The quadrennial circus known as the presidential electionkicked into warp speed this month. Already, we've had theNew Hampshire primary and a handful of state caucuses.The majority of primaries -- the real money states -- arescheduled for the frozen first week in February, and withina month it's likely we will know which candidates willrepresent the major parties in November's election.
Though the current election has more in common substance-wisewith Dancing with the Stars than with the Lincoln-Douglas debates, it'sclear there is one issue the candidates should be pressed on: improvingthe state of public education.
It's easy to feel despondent during a presidential election year. Onepolitico seems as much of an empty suit as the next -- in a nation thisextraordinary, these are the best candidates we can come up with?
But our choice of elected representatives and the free and fair electionsthat bring them to power do matter; one only has to look back tothe stolen presidential election of 2000 and consider what might havebeen if the vote-counting process had run its due course.
One of the most encouraging signs for public education this electionyear is the recent launch of Strong American Schools, a $60 millionnonpartisan public-awareness and public-action campaign aimed at taking theissues surrounding our public schools to the top of the presidential-campaignagenda.
The Strong American Schools campaign (using the siren call of "Ed in'08") will employ a cross-media approach that includes television andradio ads, as well as an interactive e-campaign. Strong American Schoolswill not endorse specific presidential candidates, but will instead focuson three components the group believes form the building blocks ofbetter schooling: a call for stronger, more consistent curriculum standards;lengthening the school day and year; and improving teacherquality through merit pay and other measures.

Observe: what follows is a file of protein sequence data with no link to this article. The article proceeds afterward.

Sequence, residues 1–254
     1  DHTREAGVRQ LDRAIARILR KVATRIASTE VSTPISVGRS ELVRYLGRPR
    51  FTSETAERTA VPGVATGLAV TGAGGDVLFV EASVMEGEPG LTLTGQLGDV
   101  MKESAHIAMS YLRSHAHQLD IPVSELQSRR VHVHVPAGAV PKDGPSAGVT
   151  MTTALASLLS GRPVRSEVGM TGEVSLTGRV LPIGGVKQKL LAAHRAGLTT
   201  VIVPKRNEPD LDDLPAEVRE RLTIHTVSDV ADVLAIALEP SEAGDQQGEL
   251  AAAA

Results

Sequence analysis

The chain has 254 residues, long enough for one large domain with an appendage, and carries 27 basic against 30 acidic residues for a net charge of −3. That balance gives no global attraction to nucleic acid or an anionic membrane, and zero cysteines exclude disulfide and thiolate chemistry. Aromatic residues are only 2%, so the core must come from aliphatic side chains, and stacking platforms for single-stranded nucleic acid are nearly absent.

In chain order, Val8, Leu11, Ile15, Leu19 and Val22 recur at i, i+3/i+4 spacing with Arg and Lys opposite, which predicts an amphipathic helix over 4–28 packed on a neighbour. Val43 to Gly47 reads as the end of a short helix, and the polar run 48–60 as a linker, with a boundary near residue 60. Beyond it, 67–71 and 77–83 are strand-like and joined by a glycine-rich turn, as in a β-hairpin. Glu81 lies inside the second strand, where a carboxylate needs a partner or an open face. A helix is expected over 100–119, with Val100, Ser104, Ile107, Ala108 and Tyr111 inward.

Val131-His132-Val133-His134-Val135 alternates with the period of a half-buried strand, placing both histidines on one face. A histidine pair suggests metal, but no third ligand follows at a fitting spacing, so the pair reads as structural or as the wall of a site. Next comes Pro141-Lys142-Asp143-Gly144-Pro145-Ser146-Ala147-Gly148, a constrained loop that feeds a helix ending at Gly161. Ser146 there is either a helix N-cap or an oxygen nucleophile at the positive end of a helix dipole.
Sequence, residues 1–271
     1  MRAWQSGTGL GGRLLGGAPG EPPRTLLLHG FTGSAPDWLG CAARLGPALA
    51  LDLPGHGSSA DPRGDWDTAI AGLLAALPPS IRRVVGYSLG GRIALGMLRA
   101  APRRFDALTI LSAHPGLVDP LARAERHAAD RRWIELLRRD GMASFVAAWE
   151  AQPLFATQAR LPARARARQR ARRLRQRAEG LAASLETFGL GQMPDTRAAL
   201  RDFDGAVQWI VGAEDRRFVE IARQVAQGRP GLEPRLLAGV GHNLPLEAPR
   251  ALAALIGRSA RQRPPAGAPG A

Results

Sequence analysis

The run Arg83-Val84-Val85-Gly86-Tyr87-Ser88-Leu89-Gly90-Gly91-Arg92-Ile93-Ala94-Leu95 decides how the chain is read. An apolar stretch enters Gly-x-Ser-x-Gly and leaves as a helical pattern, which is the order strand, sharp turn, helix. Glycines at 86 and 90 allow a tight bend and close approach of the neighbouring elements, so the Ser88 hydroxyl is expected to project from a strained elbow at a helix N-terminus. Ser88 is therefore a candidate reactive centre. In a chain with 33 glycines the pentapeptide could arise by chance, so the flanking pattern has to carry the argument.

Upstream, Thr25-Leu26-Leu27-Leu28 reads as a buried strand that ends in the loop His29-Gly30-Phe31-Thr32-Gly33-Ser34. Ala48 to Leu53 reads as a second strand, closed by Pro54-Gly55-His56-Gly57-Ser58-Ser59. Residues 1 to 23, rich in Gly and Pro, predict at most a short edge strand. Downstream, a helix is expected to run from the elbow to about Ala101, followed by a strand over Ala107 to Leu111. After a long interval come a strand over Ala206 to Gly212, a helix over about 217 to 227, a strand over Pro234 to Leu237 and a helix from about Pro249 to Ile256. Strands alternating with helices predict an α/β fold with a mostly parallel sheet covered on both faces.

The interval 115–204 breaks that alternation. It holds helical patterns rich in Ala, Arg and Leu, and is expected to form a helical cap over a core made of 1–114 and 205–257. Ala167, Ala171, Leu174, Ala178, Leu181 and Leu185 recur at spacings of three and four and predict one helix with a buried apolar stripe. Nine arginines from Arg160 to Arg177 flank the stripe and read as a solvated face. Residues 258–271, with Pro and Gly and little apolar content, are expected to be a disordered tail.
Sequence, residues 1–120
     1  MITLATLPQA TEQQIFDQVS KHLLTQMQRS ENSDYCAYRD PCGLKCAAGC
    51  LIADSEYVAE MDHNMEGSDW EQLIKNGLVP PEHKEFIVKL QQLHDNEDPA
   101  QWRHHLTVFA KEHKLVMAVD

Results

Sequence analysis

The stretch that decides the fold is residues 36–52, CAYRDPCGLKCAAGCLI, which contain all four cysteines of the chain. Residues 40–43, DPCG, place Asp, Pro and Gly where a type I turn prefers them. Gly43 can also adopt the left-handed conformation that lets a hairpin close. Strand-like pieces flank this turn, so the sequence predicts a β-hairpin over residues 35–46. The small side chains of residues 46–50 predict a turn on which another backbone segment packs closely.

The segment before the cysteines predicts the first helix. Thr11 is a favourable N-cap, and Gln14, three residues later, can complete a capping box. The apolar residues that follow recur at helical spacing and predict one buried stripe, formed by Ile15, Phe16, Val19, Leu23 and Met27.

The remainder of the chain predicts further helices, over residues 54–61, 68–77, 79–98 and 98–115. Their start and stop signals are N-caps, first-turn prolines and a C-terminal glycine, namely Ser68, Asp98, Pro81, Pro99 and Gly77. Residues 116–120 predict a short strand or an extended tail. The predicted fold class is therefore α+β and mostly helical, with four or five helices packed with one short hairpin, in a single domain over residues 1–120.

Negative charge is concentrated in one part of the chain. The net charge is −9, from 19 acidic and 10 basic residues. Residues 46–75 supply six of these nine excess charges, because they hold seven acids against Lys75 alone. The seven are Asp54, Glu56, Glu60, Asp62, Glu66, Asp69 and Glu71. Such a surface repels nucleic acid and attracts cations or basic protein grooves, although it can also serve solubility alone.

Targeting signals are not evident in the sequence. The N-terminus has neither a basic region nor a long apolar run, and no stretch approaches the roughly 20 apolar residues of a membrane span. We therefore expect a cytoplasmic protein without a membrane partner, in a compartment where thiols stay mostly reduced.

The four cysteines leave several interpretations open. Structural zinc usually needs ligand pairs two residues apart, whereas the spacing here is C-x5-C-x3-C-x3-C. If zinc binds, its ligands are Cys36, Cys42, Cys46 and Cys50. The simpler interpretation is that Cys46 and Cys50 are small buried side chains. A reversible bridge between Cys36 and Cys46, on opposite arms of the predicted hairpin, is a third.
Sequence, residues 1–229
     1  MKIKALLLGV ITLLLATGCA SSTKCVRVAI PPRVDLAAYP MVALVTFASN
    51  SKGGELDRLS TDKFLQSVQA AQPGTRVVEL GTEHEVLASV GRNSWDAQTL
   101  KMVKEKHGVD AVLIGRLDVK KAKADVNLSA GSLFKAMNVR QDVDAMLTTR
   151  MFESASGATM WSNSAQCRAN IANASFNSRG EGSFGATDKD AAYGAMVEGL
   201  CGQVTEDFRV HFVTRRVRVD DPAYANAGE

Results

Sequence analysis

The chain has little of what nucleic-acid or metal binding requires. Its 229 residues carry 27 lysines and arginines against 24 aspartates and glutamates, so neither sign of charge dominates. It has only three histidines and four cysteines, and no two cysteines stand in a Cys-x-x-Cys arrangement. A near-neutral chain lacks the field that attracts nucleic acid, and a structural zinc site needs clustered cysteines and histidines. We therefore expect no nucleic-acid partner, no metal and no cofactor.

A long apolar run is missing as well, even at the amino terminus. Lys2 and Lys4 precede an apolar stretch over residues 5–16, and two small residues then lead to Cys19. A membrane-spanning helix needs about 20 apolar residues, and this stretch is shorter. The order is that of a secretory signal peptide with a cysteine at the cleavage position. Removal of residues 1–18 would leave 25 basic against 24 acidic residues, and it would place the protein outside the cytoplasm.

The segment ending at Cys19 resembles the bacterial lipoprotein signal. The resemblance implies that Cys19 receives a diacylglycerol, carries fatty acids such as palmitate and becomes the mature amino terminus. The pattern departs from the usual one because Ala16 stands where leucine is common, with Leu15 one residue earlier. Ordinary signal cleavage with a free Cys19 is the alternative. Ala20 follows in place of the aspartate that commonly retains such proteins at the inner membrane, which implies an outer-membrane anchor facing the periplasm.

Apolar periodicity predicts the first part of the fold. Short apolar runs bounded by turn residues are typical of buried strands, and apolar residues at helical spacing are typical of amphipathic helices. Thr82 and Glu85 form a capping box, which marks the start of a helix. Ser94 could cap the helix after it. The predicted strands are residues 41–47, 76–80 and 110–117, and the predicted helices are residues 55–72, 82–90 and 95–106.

"The American dream is slipping away, and unless our leaders dramaticallyimprove our public schools, our standard of living, our economy,and our very democracy will be threatened," says Eli Broad,founder of the Broad Foundation and a key backer of the campaign."Our country's education system is no longer the best in the world. Weneed every American to demand better schools and specific policy solutionsfrom presidential candidates. Our future depends on it."
The Strong American Schools project has quickly proven itself bothambitious and timely. One PSA features hip-hop singer Kanye West; itzoomed to a place among the top twenty most-viewed YouTube videoswhen it was released last September. Another ad, this time in print,shows a student writing "A histery of Irak" on a blackboard. "DebatingIraq is tough," the copy reads. "Spelling it shouldn't be. America'sschools are falling behind. It's a crisis that takes leadership to solve. So,to all presidential candidates, we say, 'What's your plan to fix ourschools?'"
We know the answers won't come in a snappy sound bite. Our publiceducation system is extraordinarily complex, and reflects the radicalchanges in this country over the past few decades. Nowhere is thechange more evident than in public school classrooms. Though once predominantlywhite, we are now increasingly multi-hued. More and moreof us were born in other nations, speak different languages, and carry variouscultural traditions with us than ever before. Our family structuresare changing -- many of us marry older, and many don't marry at all.Some groups of us have many children; some groups have none or few.
If candidates continue to talk in airy platitudes about public education,they are dodging questions about the future. We must all be willingto address education as an American challenge rather than as a narrowpolitical issue. The music and rhythm of politics can be an awfully powerfulthing, and it's time those skills are taken to bear on public education.Look to the schools -- that's our future. Without an educated andskilled workforce, America's competitiveness and security begin to spiraldownward very quickly. We can't let that happen. A strong Americadepends on strong American schools.
Editor in Chief